Unsung Black Herbalists Pt. 4: Kwame Vaughn

Over the past 3 weeks, we’ve shared only a few of the greatest Black herbalists. Imhotep, Mary Stepp Burnette Hayden, Emma Dupree and countless others used their love of nature and healing wisdom to improve the overall health of their communities. In his debut book The Divine Fiat: Black Excellence in Herbalism, House of Imhotep’s founder Kwame Vaughn gives honor to those who have inspired and fueled his fascination with herbal medicine. Today, he combines new and centuries-old traditions to health in a unique blend that is relevant today.

Kwame Vaughn

Raised in rural North Carolina, Kwame learned to appreciate nature at an early age. Life was simpler as a child living in the south. Some of his most vivid memories are fond experiences outside in nature. It was an initiation into the invisible, this revelation he would later be reintroduced to as an interest in herbal medicine. In the summers, Kwame spent most of his time exploring and playing outdoors. The sense of family and community he felt then is something that inspires his work today. If you ask Kwame, his grandparents were key in his love for community as well as being self reliant:

“As I grew up in North Carolina, it was a normal routine that [mostly] everything we ate was a product of our own planting and harvesting. I learned [what it took] to do all of these things because my grandparents passed down traditional knowhow to my Dad. I recall hot summers gathering cucumbers, okra, peas, and tomatoes in a bucket for my grandmother to prepare. It was hard work, but spending time outside in nature and with Grandma, I was in my element.”

This time spent in nature further deepened his curiosity. Kwame essentially became Nature’s apprentice. As a child, he wasn’t aware of the significance of his outdoor explorations. It would become clearer later in life as he dealt with his own health issues following the death of his beloved Grandma. The compounded devastation led him to a dark place, where his own health began to suffer as a result. Overtime, as his grief subsided, Kwame emerged with a deeper sense of self-awareness.

As a result, he returned to nature. He began making better food choices and major lifestyle changes while exploring other therapeutic modalities, such as yoga and meditation. As he committed himself to improving his wellbeing, he started to discover the power of herbs and other holistic supplements to alleviate anxiety and depression. It can easily be said that Kwame found his calling as he emerged more vibrant by applying many of the remedies and skilled practices towards his own personal wellness. 

In the years that followed, Kwame devoted himself to learning more about the historical and modern applications of herbal medicine and nutrient-rich foods. He studied herbal remedies from indigenous peoples, root-workers, enslaved ancestors and many more. As he began sharing his holistic wellness advice with friends, family, and coworkers, it became very clear that Kwame gained a perspective on an enormous body of knowledge that is much needed today more than ever within the Black community and abroad.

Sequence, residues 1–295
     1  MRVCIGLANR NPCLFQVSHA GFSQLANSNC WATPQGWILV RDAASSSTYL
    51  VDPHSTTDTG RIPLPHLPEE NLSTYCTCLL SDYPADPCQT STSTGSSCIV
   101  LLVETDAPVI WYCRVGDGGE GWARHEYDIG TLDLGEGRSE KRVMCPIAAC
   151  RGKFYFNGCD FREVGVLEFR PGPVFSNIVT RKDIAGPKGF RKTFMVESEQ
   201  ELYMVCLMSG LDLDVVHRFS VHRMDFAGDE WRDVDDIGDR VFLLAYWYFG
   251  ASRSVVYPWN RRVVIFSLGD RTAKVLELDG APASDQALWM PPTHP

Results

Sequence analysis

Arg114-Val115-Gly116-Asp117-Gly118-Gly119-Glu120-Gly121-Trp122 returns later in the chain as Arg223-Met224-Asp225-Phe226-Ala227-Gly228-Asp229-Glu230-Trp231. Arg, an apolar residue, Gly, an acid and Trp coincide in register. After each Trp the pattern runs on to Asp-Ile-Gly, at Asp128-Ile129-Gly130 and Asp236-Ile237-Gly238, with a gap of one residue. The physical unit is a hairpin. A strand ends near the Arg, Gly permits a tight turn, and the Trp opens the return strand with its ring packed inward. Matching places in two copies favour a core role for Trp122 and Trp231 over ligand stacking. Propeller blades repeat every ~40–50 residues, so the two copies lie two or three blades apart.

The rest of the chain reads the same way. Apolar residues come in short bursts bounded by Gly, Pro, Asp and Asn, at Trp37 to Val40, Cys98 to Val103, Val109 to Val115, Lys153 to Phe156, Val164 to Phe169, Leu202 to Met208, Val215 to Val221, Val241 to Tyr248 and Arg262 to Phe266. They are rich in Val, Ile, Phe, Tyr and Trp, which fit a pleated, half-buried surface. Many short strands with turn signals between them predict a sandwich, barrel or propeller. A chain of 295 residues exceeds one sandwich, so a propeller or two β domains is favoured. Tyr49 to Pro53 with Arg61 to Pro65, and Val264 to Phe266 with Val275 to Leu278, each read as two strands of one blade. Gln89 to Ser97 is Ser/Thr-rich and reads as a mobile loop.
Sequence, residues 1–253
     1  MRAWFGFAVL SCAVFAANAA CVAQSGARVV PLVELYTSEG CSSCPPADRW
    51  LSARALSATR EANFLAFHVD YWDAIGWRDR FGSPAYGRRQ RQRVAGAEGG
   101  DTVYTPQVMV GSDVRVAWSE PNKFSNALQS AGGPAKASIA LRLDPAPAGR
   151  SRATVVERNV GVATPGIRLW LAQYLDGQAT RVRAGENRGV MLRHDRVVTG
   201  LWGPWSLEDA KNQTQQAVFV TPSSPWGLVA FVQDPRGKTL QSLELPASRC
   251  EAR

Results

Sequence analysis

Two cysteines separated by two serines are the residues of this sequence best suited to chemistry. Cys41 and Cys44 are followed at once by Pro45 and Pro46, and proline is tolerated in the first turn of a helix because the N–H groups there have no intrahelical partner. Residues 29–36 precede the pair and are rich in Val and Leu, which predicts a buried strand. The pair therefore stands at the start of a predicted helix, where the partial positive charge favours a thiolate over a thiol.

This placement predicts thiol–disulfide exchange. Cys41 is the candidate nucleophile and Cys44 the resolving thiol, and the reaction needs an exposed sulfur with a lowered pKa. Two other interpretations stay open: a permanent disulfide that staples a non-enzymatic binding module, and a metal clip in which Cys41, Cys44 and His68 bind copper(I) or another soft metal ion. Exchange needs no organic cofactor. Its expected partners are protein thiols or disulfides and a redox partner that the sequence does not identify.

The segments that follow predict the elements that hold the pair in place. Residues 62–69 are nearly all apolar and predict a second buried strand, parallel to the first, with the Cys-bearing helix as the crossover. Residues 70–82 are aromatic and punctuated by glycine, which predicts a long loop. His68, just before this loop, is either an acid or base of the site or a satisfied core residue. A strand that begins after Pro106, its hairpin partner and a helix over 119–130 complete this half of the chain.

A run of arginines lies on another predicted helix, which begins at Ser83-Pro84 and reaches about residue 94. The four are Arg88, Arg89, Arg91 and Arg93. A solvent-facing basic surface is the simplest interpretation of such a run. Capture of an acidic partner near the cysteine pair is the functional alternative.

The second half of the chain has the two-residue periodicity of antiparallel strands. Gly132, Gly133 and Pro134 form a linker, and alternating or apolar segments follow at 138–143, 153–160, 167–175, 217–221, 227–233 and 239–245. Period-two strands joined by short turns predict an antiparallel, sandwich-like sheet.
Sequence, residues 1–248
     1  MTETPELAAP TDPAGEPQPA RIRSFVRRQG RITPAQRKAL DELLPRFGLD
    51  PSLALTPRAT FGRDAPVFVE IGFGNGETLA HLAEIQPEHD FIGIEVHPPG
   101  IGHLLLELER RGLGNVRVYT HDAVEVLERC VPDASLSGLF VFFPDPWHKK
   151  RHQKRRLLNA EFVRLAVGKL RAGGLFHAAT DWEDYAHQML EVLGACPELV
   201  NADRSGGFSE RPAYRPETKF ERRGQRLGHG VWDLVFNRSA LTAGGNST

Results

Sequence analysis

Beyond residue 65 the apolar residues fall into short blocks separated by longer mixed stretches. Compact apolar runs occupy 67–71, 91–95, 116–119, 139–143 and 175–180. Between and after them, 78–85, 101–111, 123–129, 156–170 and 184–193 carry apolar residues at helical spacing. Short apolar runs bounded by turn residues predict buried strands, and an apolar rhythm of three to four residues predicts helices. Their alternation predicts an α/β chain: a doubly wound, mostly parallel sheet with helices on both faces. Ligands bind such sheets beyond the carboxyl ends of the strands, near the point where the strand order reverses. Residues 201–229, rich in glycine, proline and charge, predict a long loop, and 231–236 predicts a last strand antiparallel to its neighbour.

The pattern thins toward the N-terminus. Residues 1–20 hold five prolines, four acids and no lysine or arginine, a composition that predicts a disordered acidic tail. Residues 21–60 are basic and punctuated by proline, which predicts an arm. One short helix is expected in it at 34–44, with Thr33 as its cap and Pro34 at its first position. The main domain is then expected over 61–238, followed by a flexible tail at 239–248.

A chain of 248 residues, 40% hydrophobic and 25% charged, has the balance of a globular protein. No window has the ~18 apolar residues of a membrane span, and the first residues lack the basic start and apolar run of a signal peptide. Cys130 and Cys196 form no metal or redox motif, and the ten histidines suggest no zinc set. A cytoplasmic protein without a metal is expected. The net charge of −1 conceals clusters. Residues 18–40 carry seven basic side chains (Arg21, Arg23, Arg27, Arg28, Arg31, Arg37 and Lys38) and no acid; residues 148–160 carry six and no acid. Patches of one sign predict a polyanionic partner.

As House of Imhotep expands its influence, Kwame openly acknowledges the value of using medicinal herbs not only for healing but for self-awareness and everything in between:

“Herbalism is important for the Black community for a number of reasons. It’s representative of our past history and the key to our future existence. Herbalism is agriculture, Herbalism is freeing yourself from pharmaceutical dependency. Herbalism is about sustaining the health of future generations. Herbalism is about survival of the fittest. Herbalism is something we can’t separate ourselves from because it is intertwined in the very fabric of our historical significance and resilience as a people.”

Every product House of Imhotep provides is made in honor of Mother Nature as we advocate the benefits and remarkable evidence in the art of healing and self-empowerment with the use of herbal medicine. Kwame’s first book, The Divine Fiat: Black Excellence in Herbalism captures this mission in paper form. Highlighting the brilliant herbalists that came before him was not only important, but necessary. In his own words:


“The herbalists that came before me have taught me that the art of healing is not a complex art. With the bare minimum, our grandparents and great grandparents herbal remedies were very effective. As it still stands today, those herbal remedies are tried and true. We’ve lost our natural instinct to heal ourselves and our families. Reconnecting our culture to the lost art of healing encompasses House of Imhotep’s mission within our communities.

If there’s any guidance to give young people considering practicing herbalism, Kwame shares:

“Our elders are our walking libraries. Learn from them while you have the opportunity. The struggles and hardships that many herbalists mentioned in my memoir, came from a place of me wanting to highlight their unsung contributions, to ensure their accomplishments weren’t in vain.
I’m simply a seed, of a seed, from a seed, doing the work of my ancestors, while fulfilling my purpose. I come as one but I stand in representation of thousands. Their determination has shown me how to pursue my dreams with single-minded focus and dedication.”

To read more about Kwame Vaughn and the excellence he has learned from, pick up your copy of the Divine Fiat: Black Excellence in Herbalism.

While Black History month comes to a close, remember that everyday, we are creating history. Providing something of value to our communities today will sustain generations yet unborn.

Be well.





2 comments

Denise M Lane Porter

Congrats Cuz! So proud of you!!

Heidi and Shirley Lane

Jarelis

Good read 😊

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